7 Visualisations that demonstrate How we Humans are Destroying Earth

World population is growing at a rapid rate across the globe and according to a recent prediction by the UN, the global population will approximately be 10 billion by 2050. Whilst we are aware of its socio-economic repercussions like poverty, inequality, hunger, malnutrition, unemployment, lack of education and healthcare, it is important to understand that the aforementioned will take a huge toll on our planet’s natural resources. The most obvious implication of such a population explosion is deforestation to accommodate the rising population, which in turn can have a huge negative impact on biodiversity and ecological balance.

The production of greenhouse gasses by burning fossil fuel is causing “global warming” which is evident as the average temperature of air and oceans has significantly gone up. It has resulted in a disruption of the natural pattern of rainfall causing flooding and drought in the same region during the same year.

Unless we take notice of the developments and try to make amendments in our ways to lower our carbon footprint, the planet might look quite different soon. Check out this infographic from DPACK that lists 7 visualizations that elaborate how we humans are destroying the planet.

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Environmental Impact of Tourism on Coastlines [Infographic]

Saving Our Beaches: Engineering Solutions for Tourists’ Impact

Everyone loves a beach vacation. In colder climates especially, more and more people are taking advantage of cheap airfares for a long weekend of sunbathing and swimming in the dead of winter. In fact, 12 of the top 15 destinations were in coastal countries.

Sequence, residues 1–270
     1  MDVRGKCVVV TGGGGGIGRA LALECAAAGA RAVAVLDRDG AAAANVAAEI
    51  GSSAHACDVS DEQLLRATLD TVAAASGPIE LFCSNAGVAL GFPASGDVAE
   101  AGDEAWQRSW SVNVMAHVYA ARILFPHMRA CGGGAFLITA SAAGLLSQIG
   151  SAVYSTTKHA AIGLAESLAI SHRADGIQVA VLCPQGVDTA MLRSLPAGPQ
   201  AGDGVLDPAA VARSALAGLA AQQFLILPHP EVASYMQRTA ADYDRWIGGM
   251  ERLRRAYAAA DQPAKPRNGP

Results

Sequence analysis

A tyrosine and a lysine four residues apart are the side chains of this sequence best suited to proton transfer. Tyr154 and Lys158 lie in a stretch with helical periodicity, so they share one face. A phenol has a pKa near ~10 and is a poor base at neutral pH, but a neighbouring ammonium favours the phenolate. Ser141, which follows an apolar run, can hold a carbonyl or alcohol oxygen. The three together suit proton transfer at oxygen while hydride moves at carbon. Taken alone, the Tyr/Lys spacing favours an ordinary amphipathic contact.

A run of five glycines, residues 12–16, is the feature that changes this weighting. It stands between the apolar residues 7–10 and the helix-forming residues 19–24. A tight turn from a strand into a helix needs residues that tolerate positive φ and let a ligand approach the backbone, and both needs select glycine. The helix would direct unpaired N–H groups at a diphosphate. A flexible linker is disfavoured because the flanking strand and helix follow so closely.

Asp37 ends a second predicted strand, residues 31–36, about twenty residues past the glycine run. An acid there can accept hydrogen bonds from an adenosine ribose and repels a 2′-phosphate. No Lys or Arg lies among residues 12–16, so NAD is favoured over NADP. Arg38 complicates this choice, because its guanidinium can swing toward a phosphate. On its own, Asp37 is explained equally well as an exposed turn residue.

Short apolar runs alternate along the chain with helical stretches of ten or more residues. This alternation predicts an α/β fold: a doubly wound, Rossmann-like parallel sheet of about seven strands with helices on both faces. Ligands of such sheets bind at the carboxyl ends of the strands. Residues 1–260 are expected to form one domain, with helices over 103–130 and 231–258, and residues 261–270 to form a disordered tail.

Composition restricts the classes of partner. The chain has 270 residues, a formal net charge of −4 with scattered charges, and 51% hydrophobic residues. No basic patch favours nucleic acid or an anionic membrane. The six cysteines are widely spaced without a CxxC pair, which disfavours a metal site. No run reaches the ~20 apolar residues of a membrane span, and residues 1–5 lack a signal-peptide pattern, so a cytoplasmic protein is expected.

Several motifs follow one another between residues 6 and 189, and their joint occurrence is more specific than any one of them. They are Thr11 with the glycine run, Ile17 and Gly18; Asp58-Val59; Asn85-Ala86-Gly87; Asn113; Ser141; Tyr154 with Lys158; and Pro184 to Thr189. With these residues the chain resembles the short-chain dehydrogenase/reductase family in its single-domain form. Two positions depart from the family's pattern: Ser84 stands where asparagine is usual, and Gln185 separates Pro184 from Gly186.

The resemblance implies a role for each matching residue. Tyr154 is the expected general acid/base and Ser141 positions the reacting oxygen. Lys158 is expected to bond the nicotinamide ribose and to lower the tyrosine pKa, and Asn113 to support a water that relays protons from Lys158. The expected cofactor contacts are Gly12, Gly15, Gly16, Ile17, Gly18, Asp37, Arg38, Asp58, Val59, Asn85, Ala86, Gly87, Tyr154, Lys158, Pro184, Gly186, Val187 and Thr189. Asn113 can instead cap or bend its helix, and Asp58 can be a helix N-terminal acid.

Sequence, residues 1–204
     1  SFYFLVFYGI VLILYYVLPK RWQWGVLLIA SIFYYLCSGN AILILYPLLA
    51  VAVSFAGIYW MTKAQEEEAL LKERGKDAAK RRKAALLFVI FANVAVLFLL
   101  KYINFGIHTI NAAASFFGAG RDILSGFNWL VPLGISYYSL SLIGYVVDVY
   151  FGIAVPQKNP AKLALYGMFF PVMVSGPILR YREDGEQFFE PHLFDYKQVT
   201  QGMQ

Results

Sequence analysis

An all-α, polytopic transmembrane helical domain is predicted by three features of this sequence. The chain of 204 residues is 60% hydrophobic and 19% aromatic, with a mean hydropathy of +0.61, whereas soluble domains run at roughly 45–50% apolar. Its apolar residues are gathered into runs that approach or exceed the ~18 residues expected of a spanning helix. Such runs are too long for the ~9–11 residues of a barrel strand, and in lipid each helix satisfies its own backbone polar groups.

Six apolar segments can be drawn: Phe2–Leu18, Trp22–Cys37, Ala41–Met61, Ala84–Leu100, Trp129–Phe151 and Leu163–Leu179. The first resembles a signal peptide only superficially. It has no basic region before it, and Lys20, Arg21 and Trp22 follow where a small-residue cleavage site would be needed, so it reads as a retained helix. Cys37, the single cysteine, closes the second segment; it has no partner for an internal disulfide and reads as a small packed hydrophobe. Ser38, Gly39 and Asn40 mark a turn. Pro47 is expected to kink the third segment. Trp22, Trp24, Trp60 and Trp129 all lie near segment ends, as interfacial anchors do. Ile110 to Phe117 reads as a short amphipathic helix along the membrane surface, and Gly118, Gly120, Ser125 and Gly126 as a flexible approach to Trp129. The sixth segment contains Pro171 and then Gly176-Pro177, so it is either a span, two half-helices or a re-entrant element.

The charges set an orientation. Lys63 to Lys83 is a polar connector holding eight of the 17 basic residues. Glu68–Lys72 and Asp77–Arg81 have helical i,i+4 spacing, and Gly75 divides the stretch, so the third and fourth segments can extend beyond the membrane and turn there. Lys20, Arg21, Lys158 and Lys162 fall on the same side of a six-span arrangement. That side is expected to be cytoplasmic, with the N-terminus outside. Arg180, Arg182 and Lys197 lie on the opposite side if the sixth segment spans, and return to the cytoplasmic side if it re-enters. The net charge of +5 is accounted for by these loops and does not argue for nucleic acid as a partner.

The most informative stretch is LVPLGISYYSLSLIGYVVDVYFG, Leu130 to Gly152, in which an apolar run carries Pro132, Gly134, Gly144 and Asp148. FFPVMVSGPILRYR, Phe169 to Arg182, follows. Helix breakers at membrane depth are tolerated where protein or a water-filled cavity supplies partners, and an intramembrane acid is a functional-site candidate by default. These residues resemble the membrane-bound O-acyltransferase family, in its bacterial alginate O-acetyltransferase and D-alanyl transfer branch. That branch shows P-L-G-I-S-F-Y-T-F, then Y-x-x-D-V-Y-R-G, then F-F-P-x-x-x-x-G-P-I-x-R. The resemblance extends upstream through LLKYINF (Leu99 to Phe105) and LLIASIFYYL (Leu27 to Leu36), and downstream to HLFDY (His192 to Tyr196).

In 1995, there were around 528 million international tourist arrivals. That number jumped to 1.138 billion in 2014, and emerging economies are experiencing faster tourism growth than advanced economies, making the increase in tourism an important part of many countries’ growth.

Local economies encourage increased tourism, as it helps to grow local wealth and jobs that pay well. Unfortunately, this relaxing trend is having some serious consequences on the environment that may outweigh the economic benefits.

Some of the downsides of increased tourism include resort development, boating, snorkeling, diving, and fishing, cruise ship presence, litter, coral reef damage, and even the creation of artificial beaches. These activities introduce toxins and other harmful substances, cause physical damage and sedimentation, and exploit local fish populations.

So what can be done to preserve the benefits of tourism for developing economies while balancing the need for environmental responsibility? Engineers have a few ideas. Eco-friendly roofing systems, designs that catch rainwater for later use, innovative wastewater management, and considering the landscape when constructing resorts and hotels can all help to reduce the impact tourists have on the local environment.

These innovative solutions are key for helping to ensure that tourists, locals, the local environment, and wildlife can all exist harmoniously now and in the future. Find out more about how serious the problems caused by coastal tourism have become and how engineers are working to solve them with this resource from Ohio University’s Master of Science in Civil Engineering Program.

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Coral Bleaching explained [Video]

“There are underwater cities filled with beautiful fish, lively vegetation and wondrous sea creatures! They’re called coral reefs and they are extremely important. Let’s explore these amazing ecosystems and learn why we need to protect them!”

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